So when and how did you become known as Haji Mike? Who gave you that name as a DJ?
That’s a story. My Greek friend Giorgos from Patra, and Donald, from Jamaica via London, at one of these Reggae parties we used to host one day came up with names for all the DJ’s. I was last, so one of them said, Haji, the other said Mike. My Greek friend said ‘Hazti Mike’ and it stuck from then. Haji had been my nickname for a long time. So all these Greeks the next day on campus started to shout my name from the high-rise student dorms!
So was you famous from back then?
No, on campus, fame was irrelevant. We just had good times. You can’t call yourself famous on a campus of say 3000 people. But I was active, involved in The Cypriot Society, all the music societies, the campus radio station, concerts, politics. Essex also had a few people much more famous than me back then.
Yianis Varoufakis, Ben Okri, John Bercow
And you knew them all?
Well I knew Varoufakis and Ben Okri very well. Bercow, who have much more respect for nowadays was a hardened extreme-right Tory back then, I didn’t know him, only when he made speeches at student union meetings. Where he would often say the biggest chioftes!
So you were involved with politics as well
Yes, I was actually quite a radical leftie back then. I went to a lot of National Union of Students Conferences. I think those experiences made me realize how dirty, corrupt politics is and how I was not really made for it. Politics is a beast, it's like a plague. It can cloud our thoughts, blind our intellect even. But at the same time, I realized that politics gave me a sense of conviction, ideals, things to fight against and it also gave me a right to express myself. Essex activism taught me so much about the world, things were different then. People had a sense of solidarity. We stood up time and time again during campaigns like The Miner’s Strike, The Steel Workers Strike, Anti-Nuclear marches/CND, anti-racism, campaigns against police harassment and racist immigration bills. Organized politics though, political parties, I’d say I got disillusioned with them a bit later on because they were and remain so corrupt. Politics both took something from my life but it also gave me so much in terms of understanding things around the world, and in Cyprus.
Talking of Cyprus, you always seem to have this attachment with the island...how far back does that go, how frequently did you come here?
I was torn / taken from Cyprus in 1964 after the intercommunal conflict flared up. My family had left in 1960, as a baby I was too young to travel with them so the first 4 years of my life was spent in Marathovouno with my grandparents. I always felt more Cypriot than British. Although I’d say I never really felt at home anywhere.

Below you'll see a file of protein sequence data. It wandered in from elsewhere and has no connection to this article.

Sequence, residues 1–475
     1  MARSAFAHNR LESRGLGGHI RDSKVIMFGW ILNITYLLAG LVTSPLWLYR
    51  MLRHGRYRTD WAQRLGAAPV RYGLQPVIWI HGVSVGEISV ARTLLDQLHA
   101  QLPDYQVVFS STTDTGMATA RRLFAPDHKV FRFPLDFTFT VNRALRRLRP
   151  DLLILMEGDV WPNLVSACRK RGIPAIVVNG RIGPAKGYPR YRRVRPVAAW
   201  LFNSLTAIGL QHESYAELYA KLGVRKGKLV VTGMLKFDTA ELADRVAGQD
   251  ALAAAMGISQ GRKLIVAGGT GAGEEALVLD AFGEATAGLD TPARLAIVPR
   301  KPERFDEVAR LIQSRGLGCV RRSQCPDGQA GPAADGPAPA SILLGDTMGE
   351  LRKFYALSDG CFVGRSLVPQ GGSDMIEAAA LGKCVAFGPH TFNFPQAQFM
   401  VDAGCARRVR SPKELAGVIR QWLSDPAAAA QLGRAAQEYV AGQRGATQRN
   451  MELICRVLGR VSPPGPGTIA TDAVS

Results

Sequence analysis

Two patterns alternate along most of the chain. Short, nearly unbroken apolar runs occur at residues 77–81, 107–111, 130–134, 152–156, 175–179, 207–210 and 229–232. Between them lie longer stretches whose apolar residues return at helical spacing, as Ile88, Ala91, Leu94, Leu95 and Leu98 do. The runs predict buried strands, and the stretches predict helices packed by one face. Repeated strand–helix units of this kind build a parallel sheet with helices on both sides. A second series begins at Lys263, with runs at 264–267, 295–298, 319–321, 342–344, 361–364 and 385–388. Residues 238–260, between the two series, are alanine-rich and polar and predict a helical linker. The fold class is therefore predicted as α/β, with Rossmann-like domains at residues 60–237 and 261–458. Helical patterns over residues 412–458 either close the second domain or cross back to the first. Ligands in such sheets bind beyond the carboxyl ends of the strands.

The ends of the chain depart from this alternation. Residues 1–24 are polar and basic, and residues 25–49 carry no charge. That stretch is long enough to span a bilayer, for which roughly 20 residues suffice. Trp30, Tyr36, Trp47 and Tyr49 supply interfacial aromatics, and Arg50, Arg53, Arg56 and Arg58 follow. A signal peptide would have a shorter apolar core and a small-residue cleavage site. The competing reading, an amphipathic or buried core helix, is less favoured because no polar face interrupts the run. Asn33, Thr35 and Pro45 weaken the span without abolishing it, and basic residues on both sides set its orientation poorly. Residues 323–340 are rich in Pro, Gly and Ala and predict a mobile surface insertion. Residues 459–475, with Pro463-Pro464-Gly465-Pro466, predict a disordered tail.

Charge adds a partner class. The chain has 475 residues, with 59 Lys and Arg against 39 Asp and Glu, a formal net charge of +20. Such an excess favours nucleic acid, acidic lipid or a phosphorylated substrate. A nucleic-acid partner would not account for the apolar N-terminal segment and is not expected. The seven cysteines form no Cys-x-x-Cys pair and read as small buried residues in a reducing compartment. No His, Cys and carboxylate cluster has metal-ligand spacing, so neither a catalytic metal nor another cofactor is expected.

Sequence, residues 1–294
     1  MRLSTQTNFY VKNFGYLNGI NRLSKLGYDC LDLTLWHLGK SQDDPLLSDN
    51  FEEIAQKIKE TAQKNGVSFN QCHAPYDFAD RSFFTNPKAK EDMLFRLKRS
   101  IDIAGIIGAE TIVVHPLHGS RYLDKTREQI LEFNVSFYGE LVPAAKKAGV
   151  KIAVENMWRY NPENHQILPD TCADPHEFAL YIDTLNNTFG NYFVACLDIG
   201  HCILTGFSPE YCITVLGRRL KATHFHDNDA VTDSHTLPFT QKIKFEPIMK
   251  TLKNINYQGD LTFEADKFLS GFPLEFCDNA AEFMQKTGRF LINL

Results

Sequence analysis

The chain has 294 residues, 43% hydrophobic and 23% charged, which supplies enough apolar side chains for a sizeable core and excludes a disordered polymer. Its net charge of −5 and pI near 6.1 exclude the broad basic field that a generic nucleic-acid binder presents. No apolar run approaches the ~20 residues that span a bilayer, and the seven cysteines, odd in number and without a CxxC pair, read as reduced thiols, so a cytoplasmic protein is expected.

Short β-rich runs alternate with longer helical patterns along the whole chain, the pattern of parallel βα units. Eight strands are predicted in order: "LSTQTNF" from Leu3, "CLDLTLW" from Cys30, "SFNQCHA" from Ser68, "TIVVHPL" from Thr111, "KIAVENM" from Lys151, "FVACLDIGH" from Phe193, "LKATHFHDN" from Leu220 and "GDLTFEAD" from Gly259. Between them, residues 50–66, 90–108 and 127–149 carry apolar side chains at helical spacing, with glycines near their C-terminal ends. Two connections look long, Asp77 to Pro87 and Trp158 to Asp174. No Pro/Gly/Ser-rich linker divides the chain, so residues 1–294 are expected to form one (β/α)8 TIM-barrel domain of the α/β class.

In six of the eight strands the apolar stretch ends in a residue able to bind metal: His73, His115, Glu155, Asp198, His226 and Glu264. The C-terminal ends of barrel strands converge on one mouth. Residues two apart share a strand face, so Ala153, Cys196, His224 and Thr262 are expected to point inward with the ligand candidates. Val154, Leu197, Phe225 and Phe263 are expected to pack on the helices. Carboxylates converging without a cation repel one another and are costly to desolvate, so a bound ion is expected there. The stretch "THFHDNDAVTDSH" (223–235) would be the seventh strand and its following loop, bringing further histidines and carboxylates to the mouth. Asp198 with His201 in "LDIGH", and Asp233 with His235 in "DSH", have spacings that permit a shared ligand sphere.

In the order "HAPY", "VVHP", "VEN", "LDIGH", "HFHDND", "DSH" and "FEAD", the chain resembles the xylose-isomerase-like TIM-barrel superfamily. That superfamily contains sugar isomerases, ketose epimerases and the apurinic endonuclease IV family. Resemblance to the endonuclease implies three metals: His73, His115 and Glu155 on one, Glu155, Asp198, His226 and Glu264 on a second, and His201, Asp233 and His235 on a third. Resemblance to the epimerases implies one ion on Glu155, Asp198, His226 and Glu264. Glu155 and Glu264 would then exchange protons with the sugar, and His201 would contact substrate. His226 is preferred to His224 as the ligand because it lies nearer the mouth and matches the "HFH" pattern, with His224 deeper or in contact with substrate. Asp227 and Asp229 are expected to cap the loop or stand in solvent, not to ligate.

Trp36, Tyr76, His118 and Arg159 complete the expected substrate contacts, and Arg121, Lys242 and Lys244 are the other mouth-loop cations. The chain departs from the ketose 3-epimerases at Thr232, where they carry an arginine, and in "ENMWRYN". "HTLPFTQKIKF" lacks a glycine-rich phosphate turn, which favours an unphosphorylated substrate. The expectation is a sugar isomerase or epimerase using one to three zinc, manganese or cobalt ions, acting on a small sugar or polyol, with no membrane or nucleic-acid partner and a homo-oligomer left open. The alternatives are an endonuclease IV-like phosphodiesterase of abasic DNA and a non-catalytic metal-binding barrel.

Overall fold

Why is that?
Because in varying degrees I have always been treated as an outsider as a ‘foreigner’ by how I look, the colour of my skin or how I speak a language. As people say in Cyprus ‘fakka h glossa sou’ and I have come to the admission to reply ‘Fakka o nous sou’. That feeling of being different will always follow us people who have been born here but grown/lived somewhere else. Wherever we have lived, in diaspora, whoever you are, whether here or there, there is always this sense of marginalization.
Would you say you even feel that way now?
Not as much as say in the early 1990s but yes, I don’t think there is this integration of people in Cypriot society. No matter who you are, with varying degrees, you feel different. Of course, I felt that even more in the UK. Even when I attended my first graduation at Essex the Dean announcing our names got mine completely wrong, he mispronounced the ‘Haj’ making it ‘Haaaaaj’imichael which made most of the people who knew me at the graduation laugh. But home is where you make it for yourself, and I accepted that in 1994 when I came back to Cyprus for good. So going back to original question, yes, I always had a strong bond with Cyprus. I came here many times as a student. Every summer more or less for a few years in the 1980s. And music brought me back eventually...
* PART 2, will be posted online on Saturday 11th April 2020.
I would like to use my blog to raise awareness of diversity by focusing on breaking down social and other barriers. My method is to present business and objective facts filtered through through subjective logic